These machines had embossed metal numbers marking their ends.
Copper thieves haven’t left anything behind but the shell.
Without proper pressure, the steering engine was ineffective.
On the left is the broken glass room that contains the controls for the cable spool, now gone, that sat in the metal shell on the right. The stairs led down to the hoisting engine itself. You can make out the slits where the cable ran up to the headframe tower through the gaping archway.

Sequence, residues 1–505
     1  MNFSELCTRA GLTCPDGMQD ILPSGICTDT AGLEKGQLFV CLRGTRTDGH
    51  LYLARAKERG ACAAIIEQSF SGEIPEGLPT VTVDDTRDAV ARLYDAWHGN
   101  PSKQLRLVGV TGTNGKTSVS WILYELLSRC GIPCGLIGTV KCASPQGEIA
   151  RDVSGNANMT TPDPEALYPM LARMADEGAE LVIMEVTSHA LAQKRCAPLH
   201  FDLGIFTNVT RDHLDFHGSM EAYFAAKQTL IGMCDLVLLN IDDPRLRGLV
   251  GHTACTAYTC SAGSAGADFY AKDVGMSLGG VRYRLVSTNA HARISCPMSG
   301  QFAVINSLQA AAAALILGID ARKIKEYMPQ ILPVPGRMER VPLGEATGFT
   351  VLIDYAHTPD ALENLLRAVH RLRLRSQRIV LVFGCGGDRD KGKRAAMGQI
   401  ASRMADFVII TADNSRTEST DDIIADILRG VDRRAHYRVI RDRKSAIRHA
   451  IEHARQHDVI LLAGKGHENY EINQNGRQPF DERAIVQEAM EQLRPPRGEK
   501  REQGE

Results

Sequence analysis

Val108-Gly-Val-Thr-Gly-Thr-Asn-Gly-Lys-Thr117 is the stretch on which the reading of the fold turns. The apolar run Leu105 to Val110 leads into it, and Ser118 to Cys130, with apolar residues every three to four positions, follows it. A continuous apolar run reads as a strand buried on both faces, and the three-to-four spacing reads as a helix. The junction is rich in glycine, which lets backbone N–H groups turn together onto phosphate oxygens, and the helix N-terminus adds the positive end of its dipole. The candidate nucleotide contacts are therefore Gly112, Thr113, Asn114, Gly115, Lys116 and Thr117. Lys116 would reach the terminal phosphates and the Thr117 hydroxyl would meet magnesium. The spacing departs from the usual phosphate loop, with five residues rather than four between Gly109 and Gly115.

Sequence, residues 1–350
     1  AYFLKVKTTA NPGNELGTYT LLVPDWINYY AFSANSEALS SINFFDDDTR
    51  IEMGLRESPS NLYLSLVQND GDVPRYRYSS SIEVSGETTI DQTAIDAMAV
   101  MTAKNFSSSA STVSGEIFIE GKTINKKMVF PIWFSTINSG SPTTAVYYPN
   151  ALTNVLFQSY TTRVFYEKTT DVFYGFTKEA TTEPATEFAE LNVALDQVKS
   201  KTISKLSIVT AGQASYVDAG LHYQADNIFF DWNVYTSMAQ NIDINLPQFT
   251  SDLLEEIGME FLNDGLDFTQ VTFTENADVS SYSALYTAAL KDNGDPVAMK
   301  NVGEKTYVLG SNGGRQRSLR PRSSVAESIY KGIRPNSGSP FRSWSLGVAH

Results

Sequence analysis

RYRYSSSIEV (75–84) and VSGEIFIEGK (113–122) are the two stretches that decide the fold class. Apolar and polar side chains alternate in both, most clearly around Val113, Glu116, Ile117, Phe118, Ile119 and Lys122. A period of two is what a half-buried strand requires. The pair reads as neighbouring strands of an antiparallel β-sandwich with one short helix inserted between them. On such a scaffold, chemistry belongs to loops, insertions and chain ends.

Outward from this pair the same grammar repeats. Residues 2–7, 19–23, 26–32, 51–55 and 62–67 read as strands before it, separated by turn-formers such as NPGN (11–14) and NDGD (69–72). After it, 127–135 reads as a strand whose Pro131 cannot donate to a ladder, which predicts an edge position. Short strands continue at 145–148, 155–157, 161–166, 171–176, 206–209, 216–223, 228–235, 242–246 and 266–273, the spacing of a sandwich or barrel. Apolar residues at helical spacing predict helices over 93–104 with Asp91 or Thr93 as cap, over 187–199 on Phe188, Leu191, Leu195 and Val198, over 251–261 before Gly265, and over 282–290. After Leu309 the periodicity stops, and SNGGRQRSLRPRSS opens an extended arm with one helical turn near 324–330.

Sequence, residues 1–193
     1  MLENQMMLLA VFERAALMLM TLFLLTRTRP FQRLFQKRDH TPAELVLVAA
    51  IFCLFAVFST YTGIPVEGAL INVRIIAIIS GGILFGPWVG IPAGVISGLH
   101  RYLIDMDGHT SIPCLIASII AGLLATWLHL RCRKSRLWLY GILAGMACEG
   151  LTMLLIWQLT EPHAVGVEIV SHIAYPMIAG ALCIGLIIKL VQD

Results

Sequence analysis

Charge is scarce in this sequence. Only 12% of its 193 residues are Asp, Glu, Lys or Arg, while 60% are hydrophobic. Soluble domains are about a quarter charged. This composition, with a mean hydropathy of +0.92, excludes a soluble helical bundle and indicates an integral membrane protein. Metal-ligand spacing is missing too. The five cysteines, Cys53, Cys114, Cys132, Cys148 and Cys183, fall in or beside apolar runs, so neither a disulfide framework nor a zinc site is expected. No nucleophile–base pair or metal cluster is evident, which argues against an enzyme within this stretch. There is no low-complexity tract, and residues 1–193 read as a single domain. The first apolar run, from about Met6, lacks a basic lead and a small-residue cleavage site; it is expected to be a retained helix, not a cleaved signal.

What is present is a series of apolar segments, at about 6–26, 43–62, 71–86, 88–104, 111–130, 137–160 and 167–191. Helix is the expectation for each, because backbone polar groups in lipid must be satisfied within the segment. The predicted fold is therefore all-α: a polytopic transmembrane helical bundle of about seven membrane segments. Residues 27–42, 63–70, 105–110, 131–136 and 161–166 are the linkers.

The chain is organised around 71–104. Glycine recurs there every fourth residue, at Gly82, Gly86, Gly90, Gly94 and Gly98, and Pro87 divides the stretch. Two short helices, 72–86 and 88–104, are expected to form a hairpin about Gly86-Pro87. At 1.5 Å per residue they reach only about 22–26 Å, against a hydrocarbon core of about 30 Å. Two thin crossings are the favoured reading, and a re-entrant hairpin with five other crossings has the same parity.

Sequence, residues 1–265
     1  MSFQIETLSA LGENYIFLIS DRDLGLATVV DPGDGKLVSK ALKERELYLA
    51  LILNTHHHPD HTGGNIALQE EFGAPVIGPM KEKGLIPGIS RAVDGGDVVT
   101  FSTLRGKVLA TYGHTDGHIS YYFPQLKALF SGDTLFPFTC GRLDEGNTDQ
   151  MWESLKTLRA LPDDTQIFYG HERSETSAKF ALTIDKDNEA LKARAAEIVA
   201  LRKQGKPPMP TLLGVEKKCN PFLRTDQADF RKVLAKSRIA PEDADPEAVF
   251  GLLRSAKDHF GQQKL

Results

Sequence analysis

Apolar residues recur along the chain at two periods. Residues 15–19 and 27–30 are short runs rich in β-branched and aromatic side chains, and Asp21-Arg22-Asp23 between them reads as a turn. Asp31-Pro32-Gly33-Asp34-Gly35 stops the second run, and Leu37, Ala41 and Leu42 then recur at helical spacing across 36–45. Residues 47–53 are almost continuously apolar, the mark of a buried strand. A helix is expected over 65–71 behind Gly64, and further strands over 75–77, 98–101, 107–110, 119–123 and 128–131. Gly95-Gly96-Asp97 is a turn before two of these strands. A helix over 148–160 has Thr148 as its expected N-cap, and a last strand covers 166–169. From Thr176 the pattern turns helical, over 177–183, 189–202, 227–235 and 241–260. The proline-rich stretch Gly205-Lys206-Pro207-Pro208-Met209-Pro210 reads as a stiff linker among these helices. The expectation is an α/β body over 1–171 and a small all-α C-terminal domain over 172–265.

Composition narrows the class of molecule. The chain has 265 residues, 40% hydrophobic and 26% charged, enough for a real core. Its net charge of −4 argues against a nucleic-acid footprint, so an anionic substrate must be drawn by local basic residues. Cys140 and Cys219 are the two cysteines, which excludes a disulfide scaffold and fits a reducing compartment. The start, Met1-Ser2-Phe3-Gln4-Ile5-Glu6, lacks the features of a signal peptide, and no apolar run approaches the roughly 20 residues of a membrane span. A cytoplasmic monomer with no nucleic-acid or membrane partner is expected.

The steam-powered hoist that pulled ore and dropped men from the mine. Note the hydraulic-operated brake on top with its massive brake pad. Now scrapped.
The winch that hauled the sea leg, a decide to unload grain from waiting boats and barges.
When I revisited the mine in 2013, the hoists were scrapped and sitting by the road.
A printing press in the attic of the Reception Hospital.
Bits and things in a pile in the corner of the smelter, the unsold chunks of industrial history that didn’t sell at an on-site auction before my visit.